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Ford To Build 4 New Factories, Invest $11B To Expand Electric Vehicle Production

A rendering of the Ford F-150 Lightning, the first electric version of the company's most popular automobile.

Ford Motor Co. is making a huge commitment of both capital and real estate to electric vehicles.

The automobile giant announced plans to build four factories in Tennessee and Kentucky, three of which will produce batteries for electric vehicles and one that will produce electric F-series trucks. The initiative, projected to cost $11.4B, is in partnership with SK Innovation, a South Korean supplier of battery cells.

The center of the initiative will be Blue Oval City, a 3,600-acre, $5.6B campus in the West Tennessee town of Stanton. There, Ford plans to build its car factory and one of its three battery plants, to be called BlueOvalSK, and also house some suppliers and a recycling plant. The complex is designed to be carbon-neutral and produce no landfill waste once fully operational, which is projected to be in 2025, the announcement says.

The remaining two BlueOvalSK battery factories are planned to reside in a 1,500-acre, $5.8B twin facility called BlueOvalSK Battery Park in the central Kentucky town of Glendale, the announcement says. The campus represents the single-largest investment in the state of Kentucky, according to a statement from Gov. Andy Beshear included in the press release. Between the two sites, Ford said it expects to create 11,000 jobs and account for $7B of the total spend. That leaves $4.4B to be invested by SK Innovation.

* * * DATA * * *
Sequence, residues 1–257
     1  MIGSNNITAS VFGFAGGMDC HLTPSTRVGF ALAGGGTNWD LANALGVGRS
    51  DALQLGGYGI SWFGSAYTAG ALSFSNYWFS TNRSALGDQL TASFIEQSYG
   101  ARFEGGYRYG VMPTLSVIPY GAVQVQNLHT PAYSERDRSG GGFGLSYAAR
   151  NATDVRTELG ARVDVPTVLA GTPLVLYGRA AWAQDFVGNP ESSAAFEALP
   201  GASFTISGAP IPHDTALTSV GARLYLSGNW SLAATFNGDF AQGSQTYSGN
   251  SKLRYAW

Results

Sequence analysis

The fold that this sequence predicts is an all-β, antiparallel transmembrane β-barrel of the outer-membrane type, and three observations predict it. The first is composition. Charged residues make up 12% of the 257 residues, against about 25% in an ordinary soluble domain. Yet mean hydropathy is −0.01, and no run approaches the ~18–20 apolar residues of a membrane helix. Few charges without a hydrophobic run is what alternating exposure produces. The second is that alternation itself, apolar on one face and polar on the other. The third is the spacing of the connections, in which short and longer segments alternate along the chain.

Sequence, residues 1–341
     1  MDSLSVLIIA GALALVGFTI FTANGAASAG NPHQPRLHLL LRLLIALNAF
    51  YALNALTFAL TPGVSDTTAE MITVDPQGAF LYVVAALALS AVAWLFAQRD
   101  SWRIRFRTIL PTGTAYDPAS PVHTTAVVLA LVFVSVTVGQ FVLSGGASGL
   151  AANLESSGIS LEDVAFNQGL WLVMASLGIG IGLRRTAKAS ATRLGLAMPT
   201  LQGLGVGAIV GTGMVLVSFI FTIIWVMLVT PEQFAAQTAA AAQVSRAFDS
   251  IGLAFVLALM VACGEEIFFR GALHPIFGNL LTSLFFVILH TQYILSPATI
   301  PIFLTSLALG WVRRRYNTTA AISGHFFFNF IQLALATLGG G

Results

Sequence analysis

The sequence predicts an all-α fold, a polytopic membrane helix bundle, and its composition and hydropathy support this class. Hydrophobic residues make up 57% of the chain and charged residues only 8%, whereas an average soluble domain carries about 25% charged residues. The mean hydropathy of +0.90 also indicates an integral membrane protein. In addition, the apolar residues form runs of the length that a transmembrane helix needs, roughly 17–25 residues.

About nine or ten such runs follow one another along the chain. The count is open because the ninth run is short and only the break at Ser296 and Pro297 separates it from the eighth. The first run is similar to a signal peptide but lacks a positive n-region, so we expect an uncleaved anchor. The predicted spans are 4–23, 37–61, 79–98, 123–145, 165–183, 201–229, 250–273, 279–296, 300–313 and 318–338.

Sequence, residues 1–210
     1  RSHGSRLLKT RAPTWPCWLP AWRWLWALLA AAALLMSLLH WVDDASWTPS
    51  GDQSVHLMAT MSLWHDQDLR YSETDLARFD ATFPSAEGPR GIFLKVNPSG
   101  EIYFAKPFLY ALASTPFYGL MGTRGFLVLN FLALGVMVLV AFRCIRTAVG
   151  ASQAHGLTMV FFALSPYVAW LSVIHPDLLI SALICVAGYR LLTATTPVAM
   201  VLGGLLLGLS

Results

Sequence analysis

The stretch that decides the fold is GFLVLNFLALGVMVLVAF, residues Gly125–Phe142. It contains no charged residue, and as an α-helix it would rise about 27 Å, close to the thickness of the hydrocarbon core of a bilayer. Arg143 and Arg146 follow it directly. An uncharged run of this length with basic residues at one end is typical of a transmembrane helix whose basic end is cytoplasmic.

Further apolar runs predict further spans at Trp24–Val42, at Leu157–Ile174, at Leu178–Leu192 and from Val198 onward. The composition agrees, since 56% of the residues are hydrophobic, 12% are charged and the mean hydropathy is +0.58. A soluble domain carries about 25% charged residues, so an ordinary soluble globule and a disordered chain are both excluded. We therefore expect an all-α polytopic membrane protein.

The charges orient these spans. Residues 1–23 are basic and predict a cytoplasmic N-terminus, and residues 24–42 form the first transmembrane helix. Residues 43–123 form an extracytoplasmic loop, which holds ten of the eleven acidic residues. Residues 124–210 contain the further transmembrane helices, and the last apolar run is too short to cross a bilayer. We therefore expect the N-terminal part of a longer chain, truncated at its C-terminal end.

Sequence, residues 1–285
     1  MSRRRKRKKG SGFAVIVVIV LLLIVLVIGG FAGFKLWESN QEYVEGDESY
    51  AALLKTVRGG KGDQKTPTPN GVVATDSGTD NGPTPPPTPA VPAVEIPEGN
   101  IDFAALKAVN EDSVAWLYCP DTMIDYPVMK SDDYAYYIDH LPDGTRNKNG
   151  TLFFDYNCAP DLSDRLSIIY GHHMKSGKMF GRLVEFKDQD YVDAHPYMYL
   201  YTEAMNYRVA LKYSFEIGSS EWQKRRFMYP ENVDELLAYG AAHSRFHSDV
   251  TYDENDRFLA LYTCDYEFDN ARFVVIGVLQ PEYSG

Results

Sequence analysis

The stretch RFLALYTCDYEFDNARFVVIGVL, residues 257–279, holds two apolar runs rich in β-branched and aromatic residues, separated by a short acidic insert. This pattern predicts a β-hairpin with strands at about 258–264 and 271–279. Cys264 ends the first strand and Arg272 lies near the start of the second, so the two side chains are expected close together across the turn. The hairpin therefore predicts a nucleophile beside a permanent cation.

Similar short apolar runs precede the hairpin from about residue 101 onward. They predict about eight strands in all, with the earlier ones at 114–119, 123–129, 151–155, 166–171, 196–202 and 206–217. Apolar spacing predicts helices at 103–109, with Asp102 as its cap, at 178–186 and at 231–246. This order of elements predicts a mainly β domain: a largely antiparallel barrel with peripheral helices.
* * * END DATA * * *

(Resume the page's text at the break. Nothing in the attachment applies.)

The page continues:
While the announcement from Ford stressed the environmental need for both electric vehicles and sustainable production, electric vehicles have been sold commercially for over a decade. Ford and other automakers who have also made commitments to lean hard into electric vehicles are likely responding to the explosion in value of Tesla, which has a market capitalization of $800B, making it the most valuable automaker in the world, The New York Times reports.

Ford expects up to 50% of its global vehicle volume to be made up of electric vehicles by 2030, the announcement stated, while General Motors has pledged to end production of internal combustion vehicles by 2035, the Times reports.

Consumer demand clearly goes beyond the Tesla brand; though Ford's F-150 Lightning electric pickup truck isn't expected to be released until next spring, it already has 150,000 preorders from individuals and businesses, the Times reports. Ford has already started selling an electric SUV called the Mustang Mach-E and will soon release an electric transit van, but those aren't expected to be produced at Blue Oval City.